# 'targeted' policy (These actions should never be performed on servers that will
# be exposed to the outside world):

chkconfig iptables off
service iptables stop

sed -i.bak "s/SELINUX=enforcing/SELINUX=disabled/g" /etc/selinux/config

shutdown -r now

# First of all we install the needed packages for the cluster layer (depending on
# cluster type):

yum install ricci cman rgmanager ccs

# Then we start the ricci daemon, necessary in each cluster node for the cluster to be able
# to propagate updated cluster configuration. This synchronization can be done via the
# "cman_tool version -r", the "ccs" command or the "luci" user interface server

service ricci start

# Let's set a password for "ricci" user

echo "ricci:myriccipasswd" | chpasswd  # or # echo "myriccipasswd" | passwd --stdin ricci

# Create a basic cluster configuration. We have to provide a cluster name, a multicast IP
# and the number of expected votes. Usually the number of expected votes would match the
# number of nodes forming the cluster (+1 if quorum disk added); nevertheless for a two-node
# cluster we"ll set "expected_votes" to "1" as we want the cluster to keep on running
# in the eventuality of a node's failure.
# Note: Private network must support multicast and IGMP; if network equipment do not
# support multicast and IGMP we can use UDP unicast communications by adding following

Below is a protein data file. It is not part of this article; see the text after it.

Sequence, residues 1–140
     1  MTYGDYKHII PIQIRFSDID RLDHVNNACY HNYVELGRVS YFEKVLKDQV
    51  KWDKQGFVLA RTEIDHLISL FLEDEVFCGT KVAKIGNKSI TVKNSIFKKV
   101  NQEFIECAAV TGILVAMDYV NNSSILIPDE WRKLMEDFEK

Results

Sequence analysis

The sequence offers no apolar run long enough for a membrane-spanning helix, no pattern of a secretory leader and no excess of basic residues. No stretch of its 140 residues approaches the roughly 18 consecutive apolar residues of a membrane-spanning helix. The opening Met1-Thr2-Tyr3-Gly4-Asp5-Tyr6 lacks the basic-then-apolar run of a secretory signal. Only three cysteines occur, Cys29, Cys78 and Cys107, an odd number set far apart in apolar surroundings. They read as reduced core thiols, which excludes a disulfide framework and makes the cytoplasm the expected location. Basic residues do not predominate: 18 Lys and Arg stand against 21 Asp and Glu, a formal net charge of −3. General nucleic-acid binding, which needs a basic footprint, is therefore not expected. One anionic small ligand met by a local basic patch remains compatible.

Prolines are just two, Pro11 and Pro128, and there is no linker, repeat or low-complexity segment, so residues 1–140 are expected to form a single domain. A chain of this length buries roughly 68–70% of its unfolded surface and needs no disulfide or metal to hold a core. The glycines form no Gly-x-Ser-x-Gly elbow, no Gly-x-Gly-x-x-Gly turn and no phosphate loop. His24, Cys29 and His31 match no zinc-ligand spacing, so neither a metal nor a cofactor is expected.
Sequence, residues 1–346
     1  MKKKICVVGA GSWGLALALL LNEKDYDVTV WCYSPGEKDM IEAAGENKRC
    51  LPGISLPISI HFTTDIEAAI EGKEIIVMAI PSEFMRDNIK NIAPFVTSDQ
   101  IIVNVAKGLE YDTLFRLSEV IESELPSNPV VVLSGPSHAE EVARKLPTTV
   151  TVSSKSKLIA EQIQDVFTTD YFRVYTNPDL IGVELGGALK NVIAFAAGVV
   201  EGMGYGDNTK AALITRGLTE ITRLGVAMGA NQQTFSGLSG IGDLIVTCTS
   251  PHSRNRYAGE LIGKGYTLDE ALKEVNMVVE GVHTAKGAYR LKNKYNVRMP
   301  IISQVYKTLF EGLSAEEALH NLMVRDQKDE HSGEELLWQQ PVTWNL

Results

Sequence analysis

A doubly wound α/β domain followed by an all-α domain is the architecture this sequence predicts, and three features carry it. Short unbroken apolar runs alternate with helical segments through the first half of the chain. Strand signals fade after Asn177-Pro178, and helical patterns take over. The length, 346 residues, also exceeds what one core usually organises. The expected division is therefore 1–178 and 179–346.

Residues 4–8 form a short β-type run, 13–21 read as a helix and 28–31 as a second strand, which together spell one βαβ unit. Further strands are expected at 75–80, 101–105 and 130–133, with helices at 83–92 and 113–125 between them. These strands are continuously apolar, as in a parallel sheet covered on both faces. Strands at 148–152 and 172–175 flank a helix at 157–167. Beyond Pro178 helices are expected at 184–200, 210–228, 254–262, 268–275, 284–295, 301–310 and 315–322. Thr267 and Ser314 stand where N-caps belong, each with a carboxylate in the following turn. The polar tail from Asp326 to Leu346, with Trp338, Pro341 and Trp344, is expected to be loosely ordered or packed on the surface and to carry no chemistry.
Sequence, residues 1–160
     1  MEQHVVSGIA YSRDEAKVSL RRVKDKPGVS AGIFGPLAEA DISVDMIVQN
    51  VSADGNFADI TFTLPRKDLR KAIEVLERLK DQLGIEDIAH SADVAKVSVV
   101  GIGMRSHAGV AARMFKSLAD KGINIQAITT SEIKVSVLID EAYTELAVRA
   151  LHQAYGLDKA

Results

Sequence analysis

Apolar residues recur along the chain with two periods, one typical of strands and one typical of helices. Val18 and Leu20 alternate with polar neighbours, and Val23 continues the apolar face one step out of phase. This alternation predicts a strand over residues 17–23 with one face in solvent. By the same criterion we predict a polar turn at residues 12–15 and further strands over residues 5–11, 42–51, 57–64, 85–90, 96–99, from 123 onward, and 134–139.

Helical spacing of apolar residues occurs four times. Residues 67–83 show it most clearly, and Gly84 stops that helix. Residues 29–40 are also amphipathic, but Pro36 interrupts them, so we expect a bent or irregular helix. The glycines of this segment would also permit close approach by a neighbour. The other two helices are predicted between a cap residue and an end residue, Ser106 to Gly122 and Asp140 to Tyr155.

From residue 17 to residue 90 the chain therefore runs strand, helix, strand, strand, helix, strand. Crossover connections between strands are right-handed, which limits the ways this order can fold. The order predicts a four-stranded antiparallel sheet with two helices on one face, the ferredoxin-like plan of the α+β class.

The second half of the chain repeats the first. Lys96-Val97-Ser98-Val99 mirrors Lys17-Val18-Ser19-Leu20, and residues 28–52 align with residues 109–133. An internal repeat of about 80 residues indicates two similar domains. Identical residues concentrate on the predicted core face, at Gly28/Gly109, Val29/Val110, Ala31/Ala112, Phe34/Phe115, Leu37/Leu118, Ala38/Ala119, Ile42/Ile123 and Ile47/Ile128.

# directive:
#      <cman transport="udpu"/>

ccs -f /etc/cluster/cluster.conf --createcluster mycluster
ccs -f /etc/cluster/cluster.conf --setmulticast
ccs -f /etc/cluster/cluster.conf --setcman expected_votes="1" two_node="1"

# At any moment, we can check the configuration made so far by running following command
# (configuration is stored in /etc/cluster/cluster.conf):

ccs -f /etc/cluster/cluster.conf --getconf

#  I add my nodes to the cluster

ccs -f /etc/cluster/cluster.conf --addnode nodeA --nodeid 1 --votes 1
ccs -f /etc/cluster/cluster.conf --addnode nodeB --nodeid 2 --votes 1

# We spread the configuration to the rest of nodes forming the cluster.
# Do not forget to add the IPs used for cluster communications to /etc/hosts

ccs -h nodeA -p myriccipasswd --sync --activate

# and start "cman" deamon, needed for the cluster to run. cman is a distributed cluster
# manager and runs in each cluster node; cluster management is distributed across all
# nodes in the cluster. It keeps track of membership by monitoring messages from other
# cluster nodes.

service cman start

chkconfig cman on
chkconfig ricci on

# Voilà! We have installed our basic cluster

ccs -h nodeA -p myriccipasswd --getconf

   <cluster config_version="1" name="mycluster">
         <clusternode name="nodeA" nodeid="1" votes="1"/>